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Interview – James Sclater, Senior Organisational Development, Assure Programs

Assure Programs James SclaterJames Sclater is a Registered Psychologist with a Masters in Organisational Psychology. He has extensive experience consulting to public and private sectors, and is passionate about applying psychology principles to support individuals, teams and organisations to achieve and exceed their goals.

James’ research has focused on psychological capital and performance in uncertain work conditions. He has a particular interest in applying positive psychology to support employees in coping and flourishing at work. His broad experience includes leadership coaching and development, case management, training and team development. James is skilled in large-scale organisational diagnostics and consulting on strategic objectives and vision.

“I am a Senior Organisational Development Specialist and Registered Psychologist with Assure Programs. My role involves partnering with organisations to design their wellbeing strategy and develop best practice and evidence-based solutions to achieve the ultimate goals of the strategy. In terms of service delivery, the focus of my role has been training and workshop facilitation, resilience coaching, career transition support, leadership and executive coaching, and mentoring”.

What do you feel are the biggest challenges Health, Safety & Wellbeing leaders are currently faced with within their business?

With the greater focus on mental health in the Australian community and workplace more recently, greater expectation and responsibility is being placed on Health, Safety & Wellbeing leaders to develop strategies and reduce psychosocial risk to support the mental health of employees. This can be particularly challenging for this group who have historically focused on physical health (e.g. eliminating physical hazards and preventing accidents and injury) and may have limited education or experience supporting mental health.

As a safety leader, what do you feel businesses continue to get wrong when it comes to their Health, Safety & Wellbeing strategy?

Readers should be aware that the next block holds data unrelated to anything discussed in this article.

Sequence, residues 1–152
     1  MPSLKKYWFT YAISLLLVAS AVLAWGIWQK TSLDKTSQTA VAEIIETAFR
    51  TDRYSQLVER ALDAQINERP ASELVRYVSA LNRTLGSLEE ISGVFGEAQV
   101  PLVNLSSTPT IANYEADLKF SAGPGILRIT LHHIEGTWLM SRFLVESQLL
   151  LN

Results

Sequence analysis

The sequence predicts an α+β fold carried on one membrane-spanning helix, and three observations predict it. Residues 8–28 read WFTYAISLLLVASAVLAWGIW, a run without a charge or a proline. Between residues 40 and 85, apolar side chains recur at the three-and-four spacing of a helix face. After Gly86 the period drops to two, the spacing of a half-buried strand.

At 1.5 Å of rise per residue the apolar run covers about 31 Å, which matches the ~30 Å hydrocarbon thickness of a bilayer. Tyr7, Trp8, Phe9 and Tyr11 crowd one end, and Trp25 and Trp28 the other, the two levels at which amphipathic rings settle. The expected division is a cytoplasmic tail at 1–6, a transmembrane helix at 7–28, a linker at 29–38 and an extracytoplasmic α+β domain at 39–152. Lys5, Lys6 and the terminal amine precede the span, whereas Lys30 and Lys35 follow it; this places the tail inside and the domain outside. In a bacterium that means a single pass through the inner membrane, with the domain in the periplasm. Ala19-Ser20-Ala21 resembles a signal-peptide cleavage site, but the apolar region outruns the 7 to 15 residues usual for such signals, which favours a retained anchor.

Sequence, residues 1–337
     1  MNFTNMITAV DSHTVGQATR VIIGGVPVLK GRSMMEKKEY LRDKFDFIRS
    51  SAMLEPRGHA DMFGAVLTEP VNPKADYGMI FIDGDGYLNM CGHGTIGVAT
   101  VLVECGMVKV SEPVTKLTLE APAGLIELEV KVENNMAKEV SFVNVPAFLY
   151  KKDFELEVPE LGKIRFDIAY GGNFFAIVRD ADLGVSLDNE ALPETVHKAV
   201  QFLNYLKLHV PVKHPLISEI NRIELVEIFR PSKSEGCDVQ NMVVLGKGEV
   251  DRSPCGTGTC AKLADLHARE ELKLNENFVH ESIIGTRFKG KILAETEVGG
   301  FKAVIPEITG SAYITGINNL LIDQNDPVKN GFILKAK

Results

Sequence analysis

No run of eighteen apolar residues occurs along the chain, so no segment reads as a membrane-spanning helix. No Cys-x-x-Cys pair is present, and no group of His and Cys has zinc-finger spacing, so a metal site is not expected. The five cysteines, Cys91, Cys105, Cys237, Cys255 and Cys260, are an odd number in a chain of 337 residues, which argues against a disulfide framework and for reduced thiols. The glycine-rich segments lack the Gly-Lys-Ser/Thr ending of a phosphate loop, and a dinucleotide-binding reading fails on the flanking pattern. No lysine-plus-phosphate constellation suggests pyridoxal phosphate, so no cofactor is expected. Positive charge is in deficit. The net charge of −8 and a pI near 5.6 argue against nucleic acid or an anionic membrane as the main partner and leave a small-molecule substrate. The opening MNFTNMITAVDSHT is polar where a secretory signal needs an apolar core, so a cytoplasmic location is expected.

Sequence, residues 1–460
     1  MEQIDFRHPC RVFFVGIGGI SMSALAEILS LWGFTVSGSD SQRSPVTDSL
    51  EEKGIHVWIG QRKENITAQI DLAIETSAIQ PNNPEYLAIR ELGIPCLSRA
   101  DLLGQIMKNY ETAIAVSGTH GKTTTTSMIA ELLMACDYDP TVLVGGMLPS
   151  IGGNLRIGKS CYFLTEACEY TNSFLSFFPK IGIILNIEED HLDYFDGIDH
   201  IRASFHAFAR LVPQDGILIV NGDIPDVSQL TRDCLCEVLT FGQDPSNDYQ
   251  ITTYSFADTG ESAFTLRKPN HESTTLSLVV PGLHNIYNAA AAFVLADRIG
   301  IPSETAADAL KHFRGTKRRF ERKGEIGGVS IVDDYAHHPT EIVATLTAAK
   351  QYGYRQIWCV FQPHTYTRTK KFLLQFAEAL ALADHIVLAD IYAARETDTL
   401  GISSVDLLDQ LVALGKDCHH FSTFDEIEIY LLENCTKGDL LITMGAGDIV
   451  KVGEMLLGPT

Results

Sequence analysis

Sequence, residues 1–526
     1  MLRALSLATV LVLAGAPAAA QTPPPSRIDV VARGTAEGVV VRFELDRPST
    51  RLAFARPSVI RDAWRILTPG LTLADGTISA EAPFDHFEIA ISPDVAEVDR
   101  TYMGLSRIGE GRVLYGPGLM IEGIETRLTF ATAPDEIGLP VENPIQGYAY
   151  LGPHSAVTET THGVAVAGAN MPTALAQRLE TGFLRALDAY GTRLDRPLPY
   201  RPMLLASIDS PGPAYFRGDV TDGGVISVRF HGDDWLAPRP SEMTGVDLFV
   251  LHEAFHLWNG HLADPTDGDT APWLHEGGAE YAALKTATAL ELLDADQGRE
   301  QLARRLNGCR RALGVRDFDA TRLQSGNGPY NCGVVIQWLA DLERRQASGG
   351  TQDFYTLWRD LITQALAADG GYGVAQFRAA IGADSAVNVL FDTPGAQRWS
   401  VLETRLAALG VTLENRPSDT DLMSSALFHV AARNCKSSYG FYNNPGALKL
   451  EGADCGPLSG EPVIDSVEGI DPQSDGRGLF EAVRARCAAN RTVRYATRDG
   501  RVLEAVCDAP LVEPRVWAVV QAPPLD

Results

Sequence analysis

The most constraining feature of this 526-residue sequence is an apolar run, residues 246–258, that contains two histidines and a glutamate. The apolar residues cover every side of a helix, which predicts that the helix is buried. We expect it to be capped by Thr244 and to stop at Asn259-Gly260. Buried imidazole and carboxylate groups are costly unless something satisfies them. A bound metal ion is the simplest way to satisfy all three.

At times, businesses tend to take a more reactive approach to supporting mental health as opposed to a proactive and preventative approach. While a business may have a wellbeing strategy and mental health policies in place, linking those with proactive and preventative solutions has typically been an area for improvement.

What are the latest trends and behaviours you predict will be surfacing on the market over the coming 12 months?

A continued focus on techniques for engaging employees to access support for their mental health. In particular, the use of technology to facilitate access and breakdown barriers.

What is the best piece of advice you have received within your job over the years?

As I am currently adopting more leadership responsibilities in my role, I reflect on what I was told by a colleague relating to leadership when I first started my professional career. “Leaders should take an individualised approach to every employee they lead, considering their personality, what motivates them and how to recognise and reward them”.

What is one key takeaway you hope our OHS audience leaves with after hearing your presentation on site?

A proactive and preventative approach to supporting mental health in the workplace will not only improve the safety and wellbeing of employees, but will likely lead to improved performance, engagement, a reduction in business costs and employee turnover.

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